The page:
Impulse and Momentum

Student Learning Objectives
Lessons / Lecture Notes
Important Equations
Example Problems
Applets and Animations

Student Learning Objectives

Lessons / Lecture Notes

The Physics Classroom (conceptual)

PY105 Notes from Boston University (algebra-based):

Physics 2A notes from Dr. Bobby W.S. Lau (algebra-based)

HyperPhysics (calculus-based)

Important Equations
(for algebra-based Physics)


Example Problems

Example Problems for algebra-based physics (from College Physics 2nd Edition by Knight, Jones, and Field):

Example Problems (Momentum)
Solutions to Example Problems (Momentum)

Example Problems for calculus-based physics (from Physics for Scientists and Engineers 4th Edition by Knight):

Example Problems (Impulse and Momentum)
Solutions to Example Problems (Impulse and Momentum)

Applets and Animations
Momentum and Impulse

This applet lets you investigate the result of applying a known impulse to a moving object.


This applet lets you experiment with the collision between two moving carts. You can graph momentum, energy, velocity, and position versus time for different combinations of masses.


This simulation gives you many perspectives on a one-dimensional collision between two carts. You can see graphs of momentum, kinetic energy, velocity, or position as a function of time. Alternatively, you can see momentum bar graphs showing, for each cart separately as well as the two-cart system, the momentum before the collision, the amount of momentum transferred to the cart or system during the collision, and the momentum after the collision.

Elastic and Inelastic Collisions This HTML5 app deals with the extreme cases of a collision process illustrated by two wagons: For an elastic collision it is characteristic that the sum of the kinetic energies of the involved bodies is constant. After a perfectly inelastic collision, however, both bodies have the same velocity; the sum of their kinetic energies is reduced, compared with the initial value, because a part of it has changed into internal energy (warming up). The total momentum of the involved bodies is conserved, regardless whether the collision is elastic or inelastic. The movement of the common center of gravity (indicated by a yellow dot) is not influenced by the collision process. You can choose the simulation of an elastic or an inelastic collision by using the appropriate radio button on the top right. The "Reset" button brings the wagons to their initial positions; the animation is started by a mouse click on the "Start" button. If you select the option "Slow motion", the movement will be ten times slower. You can write the values of mass and initial velocity into the textfields. Positive (negative) values of velocity mean a motion to the right (left) side. Extreme inputs are automatically changed. Dependent on the selected radio button (on the bottom right), the app will illustrate the velocities, the momenta or the kinetic energies of the wagons.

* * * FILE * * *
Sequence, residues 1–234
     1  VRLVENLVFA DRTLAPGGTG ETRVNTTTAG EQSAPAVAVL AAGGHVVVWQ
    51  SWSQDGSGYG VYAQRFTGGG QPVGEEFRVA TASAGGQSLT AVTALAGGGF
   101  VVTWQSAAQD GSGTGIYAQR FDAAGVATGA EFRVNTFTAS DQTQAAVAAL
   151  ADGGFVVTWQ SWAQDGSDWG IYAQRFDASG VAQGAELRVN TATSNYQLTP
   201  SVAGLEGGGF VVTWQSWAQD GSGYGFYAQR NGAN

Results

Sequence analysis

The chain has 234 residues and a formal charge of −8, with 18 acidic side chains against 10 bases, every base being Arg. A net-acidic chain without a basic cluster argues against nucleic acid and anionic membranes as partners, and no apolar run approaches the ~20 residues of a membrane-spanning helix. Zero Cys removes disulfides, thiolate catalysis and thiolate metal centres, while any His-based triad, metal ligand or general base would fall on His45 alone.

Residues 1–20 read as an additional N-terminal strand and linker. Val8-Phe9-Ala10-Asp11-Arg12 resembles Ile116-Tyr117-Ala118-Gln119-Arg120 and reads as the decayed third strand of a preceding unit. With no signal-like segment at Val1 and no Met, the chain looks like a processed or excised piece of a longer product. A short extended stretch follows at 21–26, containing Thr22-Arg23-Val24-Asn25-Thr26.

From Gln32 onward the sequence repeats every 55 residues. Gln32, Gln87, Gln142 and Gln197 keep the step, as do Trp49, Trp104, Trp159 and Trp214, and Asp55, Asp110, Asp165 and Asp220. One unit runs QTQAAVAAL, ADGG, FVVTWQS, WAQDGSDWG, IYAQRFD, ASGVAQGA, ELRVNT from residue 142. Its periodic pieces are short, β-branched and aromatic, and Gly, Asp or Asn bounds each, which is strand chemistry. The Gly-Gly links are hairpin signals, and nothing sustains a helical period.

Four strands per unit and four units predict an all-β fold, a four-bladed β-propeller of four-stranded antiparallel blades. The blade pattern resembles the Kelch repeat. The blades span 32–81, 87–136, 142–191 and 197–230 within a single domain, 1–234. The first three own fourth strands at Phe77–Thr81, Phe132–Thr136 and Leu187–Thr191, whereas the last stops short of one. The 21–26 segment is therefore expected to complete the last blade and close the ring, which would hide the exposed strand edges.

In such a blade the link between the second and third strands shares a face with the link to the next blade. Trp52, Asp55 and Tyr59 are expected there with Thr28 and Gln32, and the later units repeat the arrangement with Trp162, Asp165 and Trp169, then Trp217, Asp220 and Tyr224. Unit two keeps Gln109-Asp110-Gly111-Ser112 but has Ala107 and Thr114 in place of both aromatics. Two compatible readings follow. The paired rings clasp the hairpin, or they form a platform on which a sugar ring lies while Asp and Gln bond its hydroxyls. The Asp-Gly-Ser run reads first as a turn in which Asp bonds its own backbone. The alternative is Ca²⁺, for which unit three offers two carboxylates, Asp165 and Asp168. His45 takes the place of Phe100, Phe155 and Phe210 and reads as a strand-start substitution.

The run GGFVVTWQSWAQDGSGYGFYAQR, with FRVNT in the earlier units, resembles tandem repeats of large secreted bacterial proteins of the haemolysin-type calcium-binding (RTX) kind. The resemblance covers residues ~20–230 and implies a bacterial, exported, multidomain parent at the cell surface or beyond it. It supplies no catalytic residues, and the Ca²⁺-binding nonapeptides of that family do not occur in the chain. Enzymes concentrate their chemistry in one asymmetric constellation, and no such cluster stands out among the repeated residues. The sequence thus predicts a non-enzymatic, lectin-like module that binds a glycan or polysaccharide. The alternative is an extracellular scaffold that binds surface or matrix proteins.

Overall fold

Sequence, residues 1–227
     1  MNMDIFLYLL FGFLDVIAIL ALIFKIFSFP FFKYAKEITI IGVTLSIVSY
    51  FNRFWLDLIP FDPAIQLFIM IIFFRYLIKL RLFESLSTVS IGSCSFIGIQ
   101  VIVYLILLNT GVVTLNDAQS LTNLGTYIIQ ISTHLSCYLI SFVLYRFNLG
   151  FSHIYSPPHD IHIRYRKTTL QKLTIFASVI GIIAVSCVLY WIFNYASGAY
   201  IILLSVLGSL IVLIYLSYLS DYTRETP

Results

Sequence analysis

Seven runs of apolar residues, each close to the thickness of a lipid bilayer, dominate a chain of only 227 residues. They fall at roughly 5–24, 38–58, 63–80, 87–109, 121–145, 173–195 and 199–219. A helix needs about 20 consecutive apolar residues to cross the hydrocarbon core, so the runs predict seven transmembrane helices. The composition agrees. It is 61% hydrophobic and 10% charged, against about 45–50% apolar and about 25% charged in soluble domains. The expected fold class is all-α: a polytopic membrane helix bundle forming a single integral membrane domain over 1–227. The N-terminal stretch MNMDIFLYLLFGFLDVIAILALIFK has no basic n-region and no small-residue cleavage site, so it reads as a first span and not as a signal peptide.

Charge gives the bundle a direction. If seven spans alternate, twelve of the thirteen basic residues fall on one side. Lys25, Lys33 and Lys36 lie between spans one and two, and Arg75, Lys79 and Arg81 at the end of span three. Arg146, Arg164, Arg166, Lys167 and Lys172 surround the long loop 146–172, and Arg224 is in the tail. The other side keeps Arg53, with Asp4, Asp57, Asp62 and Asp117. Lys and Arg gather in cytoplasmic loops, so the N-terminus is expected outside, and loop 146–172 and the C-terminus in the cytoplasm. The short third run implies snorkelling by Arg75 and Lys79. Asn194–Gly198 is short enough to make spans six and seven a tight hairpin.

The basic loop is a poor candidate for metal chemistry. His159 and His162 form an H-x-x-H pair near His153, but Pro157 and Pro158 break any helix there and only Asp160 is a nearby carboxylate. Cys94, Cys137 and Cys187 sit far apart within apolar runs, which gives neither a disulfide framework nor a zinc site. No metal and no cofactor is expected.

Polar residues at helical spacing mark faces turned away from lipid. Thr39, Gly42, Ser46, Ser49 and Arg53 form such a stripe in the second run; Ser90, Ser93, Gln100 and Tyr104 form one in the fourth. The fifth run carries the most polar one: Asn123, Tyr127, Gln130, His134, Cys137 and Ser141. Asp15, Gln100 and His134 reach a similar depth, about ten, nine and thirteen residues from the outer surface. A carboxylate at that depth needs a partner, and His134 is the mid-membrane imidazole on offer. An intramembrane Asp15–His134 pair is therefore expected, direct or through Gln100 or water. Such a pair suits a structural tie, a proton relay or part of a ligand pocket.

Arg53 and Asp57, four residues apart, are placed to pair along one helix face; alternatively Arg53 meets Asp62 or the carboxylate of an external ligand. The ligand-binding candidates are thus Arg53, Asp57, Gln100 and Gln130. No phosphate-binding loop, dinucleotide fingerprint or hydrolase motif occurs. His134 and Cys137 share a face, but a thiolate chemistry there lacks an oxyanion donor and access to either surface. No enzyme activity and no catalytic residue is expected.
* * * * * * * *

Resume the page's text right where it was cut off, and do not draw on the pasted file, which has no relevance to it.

Collision Lab Use an air hockey table to investigate simple collisions in 1D and more complex collisions in 2D. Experiment with the number of discs, masses, and initial conditions. Vary the elasticity and see how the total momentum and kinetic energy changes during collisions.
1D Collisions This applet looks at elastic and perfectly inelastic collisions in one-dimension.
2D Collisions This applet looks at two-dimensional collisions. You can look at the collision in the lab frame of the COM frame.
Collisions Animation shows two particles undergoing a collision. The collision can be viewed in the center of mass reference frame or the laboratory frame. The initial velocity in the laboratory reference frame of the striking particle is adjustable. The impact parameter, the mass ratio and the coefficient of restitution can be adjusted using the appropriate sliders. The choice of the reference frame can be made from the drop down list of choices. The slider below the start button can be adjusted to run the animation frame by frame. The vector diagrams show the initial and final momentum vectors of the particles. The green vectors at the moment of contact indicate the direction of the forces acting on the individual particles
Newton's Cradle This nice animation demonstrates Newton's Cradle. The user can adjust the number of balls pulled up on each side.
Motion of Center of Mass Animation shows the motion of center of mass of a two particle system. Should help to bring to focus the importance of the center of mass in analyzing the behavior of system of particles.
Center of Mass This simple animation shows the location of the COM for a three particle system.
COM with No External Force The simulation shows a person (in black) standing at the left end of a 2.4-meter-long red boat. The person then moves to the right end of the boat - how far does the boat move? This depends on how the masses of the person and the boat compare. The circles in the water are not life preservers, but instead mark the horizontal positions of the center of mass of the person, the person-boat system, and the boat.
Ballistic Pendulum A ballistic pendulum is a device that could be used by a crime-scene investigator to determine the muzzle velocity of a gun. The bullet comes out of the gun at high speed, and embeds itself into a target that is hanging from a string. This causes the target (with the bullet embedded) to swing back and forth, pendulum style. By knowing the maximum height that the target reaches, the speed of the bullet can be determined. In this simulation, the speed of the bullet is known (it is set by one of the sliders). Here, determine the maximum height reached by the target in its swing, and then find the increase in the gravitational potential energy of the Earth-target-ball system. Compare this to the kinetic energy of the bullet before the collision. If these two energies are different, explain any differences. Note that the simulation uses g = 9.8 N/kg.